Family Court, SC Timeline of Proceedings

Family Court, SC Timeline of Proceedings

This is a rundown of a typical Family Court life span, along with the typical issues breaking the chain. It is especially helpful for those who wish to do a little homework before consulting with an attorney.

Note, that this information should not be construed as advice, but merely to illustrate the Family Court process as I typically see it.

1. A Family Court case starts with the filing of a summons and complaint (attorney’s also generally have a verification signed that states their client believes what is stated in the complaint is true). The complaint asks for what is is that your are seeking and the summons requires the opposition to respond to your request(s).

Generally, a motion for temporary relief is attached, this is where you ask for the relief requested pending a trial on the matters. No contest divorces are a common type of action where no motion for temporary relief is requested.

When filed, you leave the original and all copies with the clerk of court. They are assigned an action number and if a motion was filed, a court date is set. If you provide a return envelope they will mail the pleadings back after the motion date and action numbers are filled in.

2. Service (5-10 business days before the temporary hearing, otherwise, immediately) – the pleadings then must be served on the opposing party. If there is a motion, there are time limits to service as they must be served the requisite number of days before the Hearing. For example, notice and motion for temporary relief must be served five (5) business days before the Hearing.

The summons and complaint are generally served directly to the person, or to an adult at their home. The opposition has thirty (30) days to answer the complaint. When filing an answer (or a reply to a counterclaim), you leave the original with the Court while retained stamped copies of the same to serve and for the file.

3. Temporary Hearings (held 3 or 4 weeks after filing) – the orders from the Hearings should be done immediately after the Hearing. The Court will generally order one party to write the proposed order while giving the opposition an opportunity to suggest proposed changes. After sending the proposed order, the amount of time to respond before submission to the Judge should be explicit.

One copy of the proposed order should be sent to the Judge. The clerk will provide signed copies to the parties after the Court files it.

4. Discovery (immediately after the temporary hearing) – after the temporary hearing, parties may engage in discovery. Discovery is where you request information or documents from the other party. Note that discovery is only available once ordered (generally at a temporary hearing).

You generally have thirty (30) days to answer a discovery request although most attorney’s will give you more time if you request more time.

5. Mediation (immediately after discovery or if none, immediately after the temporary hearing) – after discovery has completed, or if the parties do not conduct discovery, the parties mediate. Mediation is where a person trained to help parties reach a compromise try to do just that. Most cases resolve during or after mediation. In some counties, mediation is mandatory before you can request a trial.

6. Final Hearing (Agreement) – once the parties have reached an agreement they generally are able to request a short, fifteen (15) minute hearing to get it approved by the Court. The only exceptions have to do with statutory waiting periods, like ninety (90) days when asking for a divorce on fault grounds or one year when using irreconcilable differences. You can generally get this Hearing set three or four weeks after it has been requested.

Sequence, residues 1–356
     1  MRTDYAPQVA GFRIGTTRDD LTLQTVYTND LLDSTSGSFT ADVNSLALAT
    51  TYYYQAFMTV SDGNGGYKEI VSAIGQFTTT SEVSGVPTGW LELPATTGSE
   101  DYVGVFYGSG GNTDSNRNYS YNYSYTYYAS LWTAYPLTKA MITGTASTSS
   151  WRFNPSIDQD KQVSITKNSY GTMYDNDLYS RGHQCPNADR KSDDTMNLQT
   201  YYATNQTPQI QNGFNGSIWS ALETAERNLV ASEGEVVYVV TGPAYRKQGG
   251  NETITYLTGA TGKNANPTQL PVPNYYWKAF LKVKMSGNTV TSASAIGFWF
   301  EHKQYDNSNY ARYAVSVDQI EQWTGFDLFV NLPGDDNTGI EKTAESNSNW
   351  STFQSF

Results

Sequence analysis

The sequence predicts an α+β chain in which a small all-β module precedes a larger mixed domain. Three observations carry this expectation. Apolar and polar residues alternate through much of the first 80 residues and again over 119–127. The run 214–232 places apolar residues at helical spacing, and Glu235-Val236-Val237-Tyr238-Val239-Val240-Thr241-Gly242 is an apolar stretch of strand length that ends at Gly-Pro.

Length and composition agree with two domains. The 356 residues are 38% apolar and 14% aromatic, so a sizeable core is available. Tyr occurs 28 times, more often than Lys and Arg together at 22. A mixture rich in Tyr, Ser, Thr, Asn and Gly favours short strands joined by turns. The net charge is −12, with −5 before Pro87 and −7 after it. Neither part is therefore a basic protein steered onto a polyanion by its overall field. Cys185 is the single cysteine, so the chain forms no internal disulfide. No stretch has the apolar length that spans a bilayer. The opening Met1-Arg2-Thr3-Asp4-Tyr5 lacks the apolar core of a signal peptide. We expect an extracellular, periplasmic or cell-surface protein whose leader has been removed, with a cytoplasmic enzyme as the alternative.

7. Trial – If the parties haven’t been able to reach an agreement then they proceed to trial. You have 365 days from the date of filing to request a trial or the clerk will dismiss your case, so it is important to move through the steps diligently.

Once requested, the date of your trial will depend on how much time you require. The more time you need the more difficult it will be to get the case set quickly.

Cases are also assigned a priority. The clerk will often set three (3) cases at once and assign a priority. This means that the second and third in-line may not be called if the first case goes to trial; on the other hand, if the cases ahead are settled or continued then your case will be called. In the event your case doesn’t move forward it will be reset another day while also moving up in priority.

Typical Issues breaking the timeline

1. Second temporary hearings – many cases have more than one temporary hearing. These happen when something changes in the case or the Judge orders a second one after deciding there wasn’t enough information available to decide the first one. It should be clear as to this possibility immediately after the first temporary hearing.

2. Guardian investigations – in child custody cases there is generally a Guardian ad litem appointed to investigate and report to the Court as to the best interests of a child. In these instances, it wouldn’t be prudent to mediate until the investigation is complete considering the report sets the stage for negotiations.

Please remember that each case is unique. If you have any questions about this blog “Family Court, SC Timeline of Proceedings” or Family Law in general, we urge you to contact us. In order to be flexible and convenient, we have open office hours, easy appointment scheduling, and payment plans available. Call today and schedule your free confidential consultation.

Our law office serves people across the Upstate, South Carolina, including: Greenville, Spartanburg, Anderson, Pickens, Laurens, and Oconee counties.